Dissecting the November Jobs Report
The Labor Department released the November jobs report with higher than expected job growth and an unemployment rate remaining at a record low.
228,000: The economy added 228,000 jobs in November
4.1%: The unemployment rate remained steady at 4.1 percent
2.5%: Wages grew 2.5 percent over the last year
Both the job growth and unemployment rate signal a strong economy. The Wall Street Journal reports economists anticipated job growth of 195,000, so the numbers surpassed expectations. This is also the first jobs report since hurricanes Harvey and Irma that doesn’t show significant impacts from the two storms. The 4.1 percent unemployment rate remained unchanged from last month and is the lowest since December 2000. However, job creation is still slightly behind the pace of 2016.
The weakest point in the November jobs report is the continued sluggish wage growth. The 2.5 percent increase has remained steady throughout most of 2017 despite a consistently dropping unemployment rate. According to the New York Times, economists have been expecting wage growth to pick up with falling unemployment, but so far that hasn’t happened. However, other economic indicators suggest that increased wage growth may be on the horizon.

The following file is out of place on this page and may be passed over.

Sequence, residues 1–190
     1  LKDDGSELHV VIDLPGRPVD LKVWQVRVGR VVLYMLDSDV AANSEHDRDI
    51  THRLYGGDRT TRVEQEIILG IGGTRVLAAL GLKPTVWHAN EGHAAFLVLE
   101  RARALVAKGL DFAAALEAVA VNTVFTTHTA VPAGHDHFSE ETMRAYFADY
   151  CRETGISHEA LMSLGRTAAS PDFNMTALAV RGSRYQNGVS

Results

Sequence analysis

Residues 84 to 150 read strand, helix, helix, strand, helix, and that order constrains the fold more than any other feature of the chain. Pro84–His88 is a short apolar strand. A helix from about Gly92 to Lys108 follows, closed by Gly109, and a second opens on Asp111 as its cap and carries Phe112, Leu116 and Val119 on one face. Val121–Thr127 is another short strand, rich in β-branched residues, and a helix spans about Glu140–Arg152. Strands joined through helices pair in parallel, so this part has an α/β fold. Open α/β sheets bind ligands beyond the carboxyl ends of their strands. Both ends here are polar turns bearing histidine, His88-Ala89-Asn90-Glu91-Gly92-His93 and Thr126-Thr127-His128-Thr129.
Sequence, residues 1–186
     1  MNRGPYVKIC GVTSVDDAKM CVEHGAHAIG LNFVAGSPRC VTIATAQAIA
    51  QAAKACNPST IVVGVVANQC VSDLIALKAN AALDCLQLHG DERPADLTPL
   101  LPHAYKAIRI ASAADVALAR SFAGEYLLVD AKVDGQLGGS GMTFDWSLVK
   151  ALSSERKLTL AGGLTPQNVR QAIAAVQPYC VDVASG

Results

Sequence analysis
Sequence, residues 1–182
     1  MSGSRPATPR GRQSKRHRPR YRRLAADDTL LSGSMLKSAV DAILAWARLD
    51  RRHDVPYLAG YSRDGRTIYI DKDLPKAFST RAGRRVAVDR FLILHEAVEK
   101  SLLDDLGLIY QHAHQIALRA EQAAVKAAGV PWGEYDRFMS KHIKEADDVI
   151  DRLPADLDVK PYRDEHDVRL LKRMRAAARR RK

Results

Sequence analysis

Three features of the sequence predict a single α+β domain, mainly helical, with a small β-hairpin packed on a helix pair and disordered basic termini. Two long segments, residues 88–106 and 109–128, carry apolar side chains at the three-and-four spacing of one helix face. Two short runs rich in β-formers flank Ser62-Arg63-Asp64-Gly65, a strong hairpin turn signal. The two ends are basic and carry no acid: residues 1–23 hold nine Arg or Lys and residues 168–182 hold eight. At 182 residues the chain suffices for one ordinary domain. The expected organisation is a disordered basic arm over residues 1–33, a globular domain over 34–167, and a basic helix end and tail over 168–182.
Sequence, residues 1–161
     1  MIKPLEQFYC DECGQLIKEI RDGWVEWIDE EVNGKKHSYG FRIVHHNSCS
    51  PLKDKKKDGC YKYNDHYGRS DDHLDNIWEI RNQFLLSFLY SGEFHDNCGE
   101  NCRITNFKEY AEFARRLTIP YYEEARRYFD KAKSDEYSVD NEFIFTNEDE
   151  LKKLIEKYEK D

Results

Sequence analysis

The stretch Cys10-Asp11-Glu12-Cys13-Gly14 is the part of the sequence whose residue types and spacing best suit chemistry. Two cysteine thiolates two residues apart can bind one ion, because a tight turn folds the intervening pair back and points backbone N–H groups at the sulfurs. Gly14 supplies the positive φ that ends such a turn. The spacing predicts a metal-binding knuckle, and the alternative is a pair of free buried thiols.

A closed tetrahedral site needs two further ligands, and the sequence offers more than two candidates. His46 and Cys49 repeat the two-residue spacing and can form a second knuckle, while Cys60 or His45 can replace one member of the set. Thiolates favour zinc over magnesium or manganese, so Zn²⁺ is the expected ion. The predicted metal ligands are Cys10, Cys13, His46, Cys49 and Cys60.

The biggest unknown in the November report is the consistent question surrounding wage growth. Marketwatch suggests that the skills gap may be partially to blame because in highly skilled positions raising wages doesn’t create qualified applicants and employers “aren’t willing to pay for skills that people don’t have.” While the rest of the jobs report shows a strong economic picture, wage growth will be the number to watch.
The Global Unemployment Report – Q3 2017
PeopleScout partnered with HRO Today to produce a quarterly summary of international unemployment metrics for key countries in North America, Latin America, EMEA and APAC, including highlighting the countries with the most highly skilled workers. This issue of the report focuses on Q3 2017.
Click below to access the white paper